Sometimes you can build a compelling day of play around what we usually throw away. Find out more about junk modelling.
What is it?
These days we live in a somewhat disposable culture, where households and businesses produce a lot of rubbish that often goes straight to the recycling bin. Junk modelling involves turning these items into art and is a great way to educate children about waste while also getting their creative juices flowing.
This sounds like a lot of hard work… Convince me it’s worth it!
This activity is better than free, as this allows you to make use of discarded items
If you’re not confident in your own creative skills this is a really quick and easy way to encourage your child to get crafty using easily accessible items, that requires no prior knowledge or skills on your part
This activity can also help with making grocery shopping more interesting for children, as they can think about the fantastic creations they’ll be able to make as you’re pulling the items from the shelves
The items you use can be recycled afterwards
Getting children to help sort through the recycling means you have to do less work yourself!
The only preparation you have to do for junk modelling is the same for how you would prepare for recycling… ensure items are clean and free of dirt or food. Don’t worry if you don’t have a recycling bin or regular collections, however, as almost any house contains plenty of items that can be used like toilet rolls, cereal boxes and boxes left over from mail deliveries
Another good source of materials is local shops. Grocers are a great source for smaller boxes while “white goods” stores selling items like fridges are fantastic for larger boxes, which often really wow younger children
That said, once you get the junk modelling bug it helps to have a box put to one side in which you can store your crafting materials – you’ll never throw a kitchen roll inner away again!
Aim for a variety of shapes and sizes of box or carton so that it stimulates the imagination and also aim for different thicknesses so, for example, some items such as cereal boxes can be ripped
Also aim to have some other essential crafting items on hand like safety scissors, string, wool and tape (more on that in the tips)
What are my children secretly learning? (don’t tell them!)
This is a great activity for physical development, with big movements developing “gross” motor skills and fiddly activities with tape and string developing finer motor skills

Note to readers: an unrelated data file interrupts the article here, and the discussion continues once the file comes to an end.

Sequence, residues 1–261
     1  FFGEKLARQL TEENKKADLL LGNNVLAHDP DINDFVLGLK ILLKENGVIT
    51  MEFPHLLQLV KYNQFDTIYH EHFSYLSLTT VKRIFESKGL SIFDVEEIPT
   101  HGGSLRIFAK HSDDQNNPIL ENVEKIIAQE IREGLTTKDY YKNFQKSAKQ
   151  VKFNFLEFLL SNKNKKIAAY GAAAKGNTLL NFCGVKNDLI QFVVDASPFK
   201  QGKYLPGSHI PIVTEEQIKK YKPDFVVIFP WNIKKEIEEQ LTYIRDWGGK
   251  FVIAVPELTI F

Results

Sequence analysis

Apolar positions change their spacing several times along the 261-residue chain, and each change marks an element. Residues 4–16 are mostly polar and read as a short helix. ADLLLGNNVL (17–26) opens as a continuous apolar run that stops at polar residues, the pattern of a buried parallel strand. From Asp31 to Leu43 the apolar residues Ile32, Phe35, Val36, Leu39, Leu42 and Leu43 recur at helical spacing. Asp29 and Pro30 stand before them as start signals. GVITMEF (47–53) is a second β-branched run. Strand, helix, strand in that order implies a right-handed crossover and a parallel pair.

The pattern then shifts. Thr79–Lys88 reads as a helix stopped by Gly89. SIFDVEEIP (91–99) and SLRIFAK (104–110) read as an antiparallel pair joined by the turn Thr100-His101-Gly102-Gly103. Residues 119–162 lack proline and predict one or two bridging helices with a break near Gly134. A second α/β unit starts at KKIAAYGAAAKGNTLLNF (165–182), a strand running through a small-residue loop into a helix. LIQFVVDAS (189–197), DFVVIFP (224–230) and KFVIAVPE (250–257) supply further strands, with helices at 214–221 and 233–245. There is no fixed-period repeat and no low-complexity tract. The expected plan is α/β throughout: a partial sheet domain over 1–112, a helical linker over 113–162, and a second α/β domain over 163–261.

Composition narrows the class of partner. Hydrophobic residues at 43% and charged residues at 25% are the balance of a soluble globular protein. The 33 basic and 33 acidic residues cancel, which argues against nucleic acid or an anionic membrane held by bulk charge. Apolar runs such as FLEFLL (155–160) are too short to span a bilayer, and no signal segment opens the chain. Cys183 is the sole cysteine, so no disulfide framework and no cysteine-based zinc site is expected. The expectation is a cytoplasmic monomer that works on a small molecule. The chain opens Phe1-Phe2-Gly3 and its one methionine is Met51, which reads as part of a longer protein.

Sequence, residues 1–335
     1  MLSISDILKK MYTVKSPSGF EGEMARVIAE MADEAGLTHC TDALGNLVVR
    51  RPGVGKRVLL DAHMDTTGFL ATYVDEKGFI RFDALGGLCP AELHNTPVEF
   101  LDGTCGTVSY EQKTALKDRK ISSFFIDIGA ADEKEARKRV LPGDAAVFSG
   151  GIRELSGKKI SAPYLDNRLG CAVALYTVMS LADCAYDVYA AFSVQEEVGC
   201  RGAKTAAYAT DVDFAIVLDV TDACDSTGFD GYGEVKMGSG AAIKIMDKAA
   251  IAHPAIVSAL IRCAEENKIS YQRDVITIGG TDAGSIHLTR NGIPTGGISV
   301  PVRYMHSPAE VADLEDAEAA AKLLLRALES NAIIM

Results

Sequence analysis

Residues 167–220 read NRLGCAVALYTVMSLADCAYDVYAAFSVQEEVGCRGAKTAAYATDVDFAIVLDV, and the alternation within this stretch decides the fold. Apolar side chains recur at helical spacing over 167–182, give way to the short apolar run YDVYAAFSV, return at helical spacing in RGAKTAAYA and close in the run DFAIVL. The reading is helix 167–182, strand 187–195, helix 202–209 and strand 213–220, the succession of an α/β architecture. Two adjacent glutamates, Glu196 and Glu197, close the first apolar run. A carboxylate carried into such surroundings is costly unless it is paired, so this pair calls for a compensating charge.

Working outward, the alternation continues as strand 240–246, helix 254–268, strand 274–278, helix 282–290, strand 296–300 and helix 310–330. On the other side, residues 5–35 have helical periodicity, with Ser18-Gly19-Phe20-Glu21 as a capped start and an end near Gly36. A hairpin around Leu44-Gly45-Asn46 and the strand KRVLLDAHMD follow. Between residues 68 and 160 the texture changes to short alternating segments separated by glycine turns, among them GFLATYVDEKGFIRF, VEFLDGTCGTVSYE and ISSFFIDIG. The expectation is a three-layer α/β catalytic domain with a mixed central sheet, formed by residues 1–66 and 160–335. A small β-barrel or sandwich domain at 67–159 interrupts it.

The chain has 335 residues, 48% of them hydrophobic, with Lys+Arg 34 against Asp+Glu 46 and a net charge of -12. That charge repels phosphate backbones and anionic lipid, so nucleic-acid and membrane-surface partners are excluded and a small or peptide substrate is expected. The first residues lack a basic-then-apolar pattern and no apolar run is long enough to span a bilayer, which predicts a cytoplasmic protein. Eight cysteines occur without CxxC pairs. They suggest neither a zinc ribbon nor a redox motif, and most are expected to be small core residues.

If you discuss their creations while they work, it can be the perfect way to develop speech and communication as well as imagination and expression
Using items which have different materials, properties and weights develops scientific and mathematical skills – for example you need something that’s not too heavy nor too light for a pirate ship mast. Let them try out all the options and make their own decisions to help them develop their assessment skills
Using scissors and blunt knives to cut and prepare the materials provides a great opportunity for children to learn about and manage risk while they’re supervised
Fisher-Price™ Play Lab says:
“Playing with recyclables and repurposing them really gives children an opportunity to use their creative skills. They can think about something, design and then build it… It’s all about exercising their creativity and their fine motor skills… and they’re recycling!”
Watch the video below to find out more.
Here Pre-School Deputy Supervisor Kirsty Wagstaff from our Birchtree pre-school in Peterborough gives us a few do’s and dont’s regarding how to make the most of a junk modelling session:
Children will note they can rip or cut certain materials while others are too thick or strong. This is a good learning moment as it’s essentially science – teaching them about the different properties of various materials
Try to keep the lids off items like milk bottles and jam jars so you’ve got smaller bits and pieces for knobs, buttons and the like
Getting things to stick together is one of the most difficult aspects of junk modelling. You might think to use clear tape or glue to bind things together, but glue hardly ever sticks well enough and clear tape can be hard for children to see the ends of or tear themselves. We find the best tool for the job is masking tape, which is sticky enough as well as being quite easy to cut and tear for young children. It also contains no plastic, so it’s much better for the environment
But… PVA Glue is excellent for decorating, as it can be used to stick items to your decoration or mixed with glitter for a bit of pizzaz!
Paints and felt tip pens are also great for decorating If you have them to hand
When discussing your children’s activities try to help them develop their vocabulary by asking them specific questions – for example you might ask a child building a rocket about what their job is, launch pads, or ask then what planet they’re visiting
And don’t stop there…depending on what’s created you might be able to do some roleplay, pretending to go out to the jungle on safari
Although it’s good to let their imagination guide them that doesn’t mean you can’t help, as doing so promotes collaboration and sharing. For example, they might hold bits still while you do the sticking or taping
This activity can also teach resilience and problem solving, as sometimes things go wrong, and ideas don’t come together as planned. Encourage them to be persistent and work on alternative ways to solve a problem
Find out more about Creating Happy Memories through play and the benefits it can bring to your child’s development.